The Journal The Authority on Global Business in Japan

Shusaku Yagi, 39, sits on a zabuton (thin cushion), with stacks of braided bamboo strips to one side and, in front of him, a large tree stump that serves as his worktable. His set-up mimics that of his father and grandfather, who have created bamboo works at their company, Yagitake, in Kagoshima over the past 70 years.

Yagi, however, now fashions bamboo wares at Tokyo’s chic 2k540 Aki-Oka complex, located between Akihabara and Okachimachi stations. Shoppers pause to watch him.

“He’s so handsome,” one woman whispers. Yagi laughs shyly, continuing to work. “Moving to Tokyo was an important step,” he confides minutes later. “When people see how things are made, they begin to understand them in a different way.”

“Can you hear the bamboo?” he asks, bending the woven, moistened strips into the shape of a tiny basket. “The sound lets me know how far I can push it,” he says.

It’s something one would never imagine, a tiny cry of limitation from a material; but once you hear it, it changes everything. Watching Yagi work, I realize how many things most people never know about bamboo.

Flexibility is one of the properties of Yagi’s material, and judging the tensile tenacity of bamboo is a crucial skill. “That ability has helped me in my business, as well,” he claims.

“You have to know how much you can bend expectations.” Yagi talks of his initiative to create new bamboo products, yet underlines the necessity of continuing certain traditional items. What he is making as I watch is a tiny oshibori (moist hand towel) holder.

“This is a large order for a long-term customer,” he says. Does it make money? “No,” he shook his head, “but long-term customers have earned our loyalty. It’s part of where we came from.”

To stay financially viable, and to support the 12 employees working for him, Yagi has a three-pronged approach: collaboration, innovation, and revision.

Collaboration, Yagi said, has allowed him to push the limitations of his raw material into new spheres of usage. For example, teaming up with leather artisans, he produces a bamboo-woven siding for wallets and name-card holders. The striking bamboo addition is durable and adds panache to leather products.

“By using a material that’s not your own, but made by another artisan, you suddenly find yourself with a product that has two stories behind it and the richness of two traditions. Your customer base also widens, as you tap into the other artisan’s followers,” Yagi said.

Arti

Yagi has also worked hard to expand the range of products he offers through the subtle innovation of daily and domestic items. His bestseller, a smooth, aesthetically pleasing cooking spatula (¥1,200) features the natural curve of bamboo culms. It’s perfect for mixing and sautéing foods, but also facilitates serving up cuisine, or sneaking a taste test.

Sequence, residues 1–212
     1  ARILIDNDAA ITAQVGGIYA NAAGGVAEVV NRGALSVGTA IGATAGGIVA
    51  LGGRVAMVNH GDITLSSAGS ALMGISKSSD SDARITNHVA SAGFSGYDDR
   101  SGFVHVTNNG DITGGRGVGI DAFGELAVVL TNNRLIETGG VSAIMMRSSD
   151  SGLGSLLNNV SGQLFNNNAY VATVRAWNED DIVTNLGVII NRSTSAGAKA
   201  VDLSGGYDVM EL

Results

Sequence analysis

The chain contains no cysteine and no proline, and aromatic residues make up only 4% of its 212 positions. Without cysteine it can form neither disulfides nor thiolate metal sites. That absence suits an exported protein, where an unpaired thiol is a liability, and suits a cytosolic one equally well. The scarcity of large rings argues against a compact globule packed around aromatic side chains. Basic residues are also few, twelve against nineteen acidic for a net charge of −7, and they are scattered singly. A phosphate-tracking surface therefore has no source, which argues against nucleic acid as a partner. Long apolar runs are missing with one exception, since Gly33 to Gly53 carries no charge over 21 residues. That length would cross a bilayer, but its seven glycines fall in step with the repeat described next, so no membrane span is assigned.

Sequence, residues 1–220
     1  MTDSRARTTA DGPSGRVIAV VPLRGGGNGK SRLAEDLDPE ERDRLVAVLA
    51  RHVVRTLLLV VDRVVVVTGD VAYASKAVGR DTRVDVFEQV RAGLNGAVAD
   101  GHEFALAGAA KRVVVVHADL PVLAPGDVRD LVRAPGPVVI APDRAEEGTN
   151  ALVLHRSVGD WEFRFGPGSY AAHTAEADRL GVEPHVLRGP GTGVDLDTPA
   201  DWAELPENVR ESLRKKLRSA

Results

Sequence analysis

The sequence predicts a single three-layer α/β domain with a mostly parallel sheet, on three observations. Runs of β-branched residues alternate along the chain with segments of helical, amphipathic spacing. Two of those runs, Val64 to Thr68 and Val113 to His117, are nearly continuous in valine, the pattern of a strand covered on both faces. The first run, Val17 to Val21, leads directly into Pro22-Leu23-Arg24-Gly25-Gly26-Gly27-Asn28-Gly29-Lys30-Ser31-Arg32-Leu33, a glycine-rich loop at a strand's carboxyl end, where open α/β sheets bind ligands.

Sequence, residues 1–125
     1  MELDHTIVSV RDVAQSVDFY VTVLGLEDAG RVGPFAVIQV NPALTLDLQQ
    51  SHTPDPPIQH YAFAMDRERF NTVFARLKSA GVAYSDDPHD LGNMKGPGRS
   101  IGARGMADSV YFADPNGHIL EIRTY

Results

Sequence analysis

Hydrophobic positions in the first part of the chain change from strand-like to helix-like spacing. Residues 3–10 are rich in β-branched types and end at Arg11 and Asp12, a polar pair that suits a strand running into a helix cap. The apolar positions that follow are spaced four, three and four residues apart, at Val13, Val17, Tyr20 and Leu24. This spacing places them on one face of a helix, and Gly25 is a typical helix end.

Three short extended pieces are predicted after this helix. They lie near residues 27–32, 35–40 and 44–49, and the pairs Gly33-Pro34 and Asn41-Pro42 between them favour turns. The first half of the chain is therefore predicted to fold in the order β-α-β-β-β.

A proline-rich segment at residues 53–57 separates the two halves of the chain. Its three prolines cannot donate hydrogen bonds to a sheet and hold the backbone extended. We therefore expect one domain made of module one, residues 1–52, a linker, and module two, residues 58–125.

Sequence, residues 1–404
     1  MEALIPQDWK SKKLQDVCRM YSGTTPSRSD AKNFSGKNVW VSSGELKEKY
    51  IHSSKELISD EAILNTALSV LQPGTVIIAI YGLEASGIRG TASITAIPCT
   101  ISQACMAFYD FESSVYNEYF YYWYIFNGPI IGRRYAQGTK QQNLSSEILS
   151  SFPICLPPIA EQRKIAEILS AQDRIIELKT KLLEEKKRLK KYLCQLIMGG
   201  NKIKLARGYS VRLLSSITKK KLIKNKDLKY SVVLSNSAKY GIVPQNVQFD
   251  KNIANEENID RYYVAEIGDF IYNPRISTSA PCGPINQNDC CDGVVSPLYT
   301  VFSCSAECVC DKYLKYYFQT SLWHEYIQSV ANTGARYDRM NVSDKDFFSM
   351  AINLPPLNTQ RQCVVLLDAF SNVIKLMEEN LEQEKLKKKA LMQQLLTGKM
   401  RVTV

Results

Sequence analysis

The artisan bends the concept one step further, producing spatulas made for left-handed cooks, as well. That tiny addition undoubtedly earns him the gratitude of southpaws, and nearly everyone takes note of his thoughtfulness, which is certainly good for business.

Among his most surprising products is a soap made from bamboo charcoal. Used in China since the Ming Dynasty (1368–1644) to draw out pollutants from the skin and to kill bacteria, bamboo charcoal is known as the “black diamond” of skin ailment remedies.

The ingredients in Yagi’s soap—charcoal, oils, and honey—are so gentle, he says, that the product is actually edible. Not a cheap meal at ¥2,500, the soap nonetheless sells well.

Yagi’s final tactic is to take a mundane product—such as chopsticks—and, through revision, elevate it to a new standard. He pulls out an exquisite pair of shifuku (ceremonial) chopsticks, the upper side of which carries the natural green color of fresh-cut bamboo bark.

“Most bamboo chopsticks we use in Japan these days come from China. To keep them free of mildew and mold for shipping, they’re soaked with chemicals. I want to offer chemical-free products.”

For the chopsticks to be commercially viable, Yagi knows he’ll need to educate his clients, and convince them that local goods, even if more costly, are worthwhile.

Yagi’s bamboo is raised and harvested, then cured in long kilns, down in Kagoshima. “I’m lucky,” he says, “because bamboo is hardy, and it replenishes itself aggressively, so my job is mostly to figure out how to make it financially profitable for the people who grow it.”

When I learn that Yagi is the proud new father of a baby boy, currently with his mother in Kagoshima, I ask the obvious: will his son be the fourth generation at Yagitake? He nods and shrugs.

“He needs to start observing immediately,” Yagi said, “and I’m not there.” After speaking to this flexible artisan, it somehow seems likely he’ll bend time to be in two places at once.

Arti-sense monthly haikuHaiku1

Divider

Kit Nagamura is a photojournalist with 25 years’ experience in publishing. She writes the monthly Backstreet Stories column for The Japan Times and hosts regular programs on NHK.

Divider